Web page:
USPS "Your package could not be delivered" text is a smishing scam

USPS “Your package could not be delivered” text is a smishing scam

A scam is doing the rounds which begins with a text from what claims to be the US Postal Service. The SMS reads as follows:

[U.S. Postal Service] We’re sorry to let you know that your package could not be delivered. To reschedule a delivery please visit [bit(dot)ly]

I’ve never received an SMS from the US Postal Service, but I have to imagine they don’t use redirect links in text messages. The link hides the actual URL being sent to people’s phones. You can view stats for a link by placing “+” at the end of the URL. Detailed stats about the shortener’s creation date, number of clicks, and more are available through this method. On this occasion, data is hidden with the message “This link has been flagged as redirecting to malicious or spam content”.

Clicking through reveals the following warning:

  • The link may be listed on a website blocklisting service.
  • The link may have been reported to Bitly by a member of the public.
  • The link may contain malware (software designed to harm your computer), attempt to collect your personal information for nefarious purposes, or otherwise contain harmful and/or illegal content.
  • The link may be attempting to hide the final destination.
  • The link may lead to a forgery of another website or may infringe the rights of others.

Not a promising start for our missing package. Shall we take a look at the final destination?

Phishing for info

The actual landing page, located at us(dot)awaiting(dot)host, claims to be a USPS parcel tracking page. It says:

USPS Currently Awaiting Package
Undeliverable as Addressed(UAA) Problem with Address
USPS Allows you to Redeliver your package to your address in case of delivery failure or any other case.
You can also track the package at any time, from shipment to delivery.

It asks visitors to “verify address”, by filling in their name, address, city, state, ZIP code, phone number and email.

Clicking Continue at this point would normally display a second page asking for payment information. At the time of writing, clicking continue triggers a .php URL and then redirects to the 3M science website. It’s likely the data entered has been submitted to the phisher, but why didn’t they ask for payment details too?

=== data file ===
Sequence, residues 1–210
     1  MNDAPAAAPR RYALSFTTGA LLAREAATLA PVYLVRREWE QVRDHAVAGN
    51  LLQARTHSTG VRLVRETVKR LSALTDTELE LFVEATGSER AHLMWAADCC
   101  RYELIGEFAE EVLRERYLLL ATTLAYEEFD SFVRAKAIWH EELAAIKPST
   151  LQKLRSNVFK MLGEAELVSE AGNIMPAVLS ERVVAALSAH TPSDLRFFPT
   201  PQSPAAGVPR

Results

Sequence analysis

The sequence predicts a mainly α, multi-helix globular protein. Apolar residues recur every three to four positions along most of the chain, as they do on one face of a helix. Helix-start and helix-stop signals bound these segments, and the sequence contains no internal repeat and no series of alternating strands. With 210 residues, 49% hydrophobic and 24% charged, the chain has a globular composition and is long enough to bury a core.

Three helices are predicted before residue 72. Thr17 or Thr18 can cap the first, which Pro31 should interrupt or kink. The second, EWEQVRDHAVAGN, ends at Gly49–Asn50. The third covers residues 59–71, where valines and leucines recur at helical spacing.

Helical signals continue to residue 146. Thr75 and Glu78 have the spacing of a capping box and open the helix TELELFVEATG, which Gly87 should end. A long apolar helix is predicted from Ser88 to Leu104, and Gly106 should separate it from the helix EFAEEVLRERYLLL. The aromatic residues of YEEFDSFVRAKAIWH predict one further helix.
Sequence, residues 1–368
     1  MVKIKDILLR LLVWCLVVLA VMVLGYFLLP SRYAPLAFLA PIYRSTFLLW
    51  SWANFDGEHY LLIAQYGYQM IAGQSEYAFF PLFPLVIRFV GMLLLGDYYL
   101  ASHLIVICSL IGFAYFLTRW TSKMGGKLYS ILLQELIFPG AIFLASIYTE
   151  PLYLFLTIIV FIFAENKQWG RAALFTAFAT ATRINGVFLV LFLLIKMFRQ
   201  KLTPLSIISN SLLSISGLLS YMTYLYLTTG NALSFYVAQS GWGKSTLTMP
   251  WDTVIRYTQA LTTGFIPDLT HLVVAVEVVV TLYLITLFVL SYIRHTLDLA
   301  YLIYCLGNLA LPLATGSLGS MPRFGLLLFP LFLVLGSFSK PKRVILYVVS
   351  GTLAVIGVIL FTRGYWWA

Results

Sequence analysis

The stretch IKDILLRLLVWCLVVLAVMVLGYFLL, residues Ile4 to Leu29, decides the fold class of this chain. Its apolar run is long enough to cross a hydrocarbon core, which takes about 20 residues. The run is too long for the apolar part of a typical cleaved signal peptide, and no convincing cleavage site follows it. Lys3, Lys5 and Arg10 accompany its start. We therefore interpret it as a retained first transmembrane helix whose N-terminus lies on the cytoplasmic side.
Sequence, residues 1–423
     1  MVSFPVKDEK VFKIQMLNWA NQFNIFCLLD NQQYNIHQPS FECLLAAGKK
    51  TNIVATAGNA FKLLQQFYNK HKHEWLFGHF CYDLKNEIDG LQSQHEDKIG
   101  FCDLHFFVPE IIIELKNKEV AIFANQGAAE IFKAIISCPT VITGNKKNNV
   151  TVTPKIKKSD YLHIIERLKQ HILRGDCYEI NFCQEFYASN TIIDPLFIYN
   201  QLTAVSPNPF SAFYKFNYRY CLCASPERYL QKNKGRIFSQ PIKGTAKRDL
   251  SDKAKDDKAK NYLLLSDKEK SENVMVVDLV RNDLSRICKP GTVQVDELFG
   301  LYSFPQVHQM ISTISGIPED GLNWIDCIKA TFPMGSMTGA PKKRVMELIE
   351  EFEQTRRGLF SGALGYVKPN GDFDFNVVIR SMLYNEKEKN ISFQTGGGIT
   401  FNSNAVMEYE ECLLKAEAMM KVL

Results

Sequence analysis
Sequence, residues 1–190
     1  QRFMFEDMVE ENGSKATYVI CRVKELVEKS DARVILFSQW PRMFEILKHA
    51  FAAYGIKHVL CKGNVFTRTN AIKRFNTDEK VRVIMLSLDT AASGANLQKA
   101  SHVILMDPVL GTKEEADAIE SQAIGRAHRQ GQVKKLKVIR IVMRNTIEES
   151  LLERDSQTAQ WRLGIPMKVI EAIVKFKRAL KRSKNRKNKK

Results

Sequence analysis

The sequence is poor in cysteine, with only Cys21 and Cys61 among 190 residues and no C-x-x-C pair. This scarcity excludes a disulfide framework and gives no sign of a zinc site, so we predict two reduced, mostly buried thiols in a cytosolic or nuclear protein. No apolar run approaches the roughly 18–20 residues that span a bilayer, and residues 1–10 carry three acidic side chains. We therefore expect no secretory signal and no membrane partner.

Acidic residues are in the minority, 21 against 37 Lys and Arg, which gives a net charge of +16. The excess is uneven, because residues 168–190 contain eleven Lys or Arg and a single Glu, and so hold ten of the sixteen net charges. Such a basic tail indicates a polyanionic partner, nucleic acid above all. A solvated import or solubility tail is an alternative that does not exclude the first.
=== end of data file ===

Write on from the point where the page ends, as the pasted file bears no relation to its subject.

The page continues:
Forgetful phishers or long-haul social engineering?

Sometimes scammers simply forget to make sure their ruse sails smoothly from A to B. It may be that they’re only actually interested in grabbing name and address information for now via the website. The logical progression would be to follow up by phone, mail, or post.

It’s also possible they realise they’ve attracted some heat and are trying desperately to put the flames out. The site is flagged via the link and produces warning pages in browsers such as TOR. The creators may figure it’s not worth the potential risk of keeping payment detail requests online anymore – if they were there in the first place, that is.

The right way to arrange a redelivery

This is “basic parcel delivery information” as opposed security advice, but If you do use USPS, you’ll want to head over to their dedicated redelivery page. It explains in detail what USPS customers should expect when waiting on a parcel, and what to do next.

As for the security angle: Fake USPS delivery notification spam is a popular tactic for scammers, and USPS’s advisory on the topic includes instructions on how to report bogus SMS messages.

No matter the delivery service, always pay attention to the URL on the landing page and ensure it matches up with the official site you’re familiar with. It’s no fun having your data harvested, even if they miss out on your payment details. There’s no guarantee they won’t follow up on such a thing at a later date, so it’s well worth taking the time to get it right the first time around.

Reporting on numbers for delivery scams is becoming trickier to monitor as the pandemic slowly recedes and other forms of scam become more interesting to the public. While data is harder to come by, there are still pockets of information available to gauge the popularity of fake delivery scams. The UK’s Citizens Advice organisation reports that as of 2023, delivery scams are still very popular with fraudsters. In fact, they may well be at the top of the threat list depending on your region. From the report:

Parcel delivery scams are by far the most common scam faced by the public so far this year. Almost half of people (49%) targeted by scammers had been on the receiving end of a malicious parcel delivery scam, with scammers attempting to get hold of personal information or bank details. 

The second most popular attack is banking scams with 29% of the total reported, and online shopping scams weighing in at 25%. There’s a clear drop off between first and second place. The message is clear: fake delivery scams are not only here to stay, but perhaps as popular as they’ve ever been. Next time your receive a text about a package you have no memory of, it might be worth checking your most recent purchases before responding. If the parcel is real, it’ll still be there – unlike the fly-by-night scammers.

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Christopher Boyd

Former Director of Research at FaceTime Security Labs. He has a very particular set of skills. Skills that make him a nightmare for threats like you.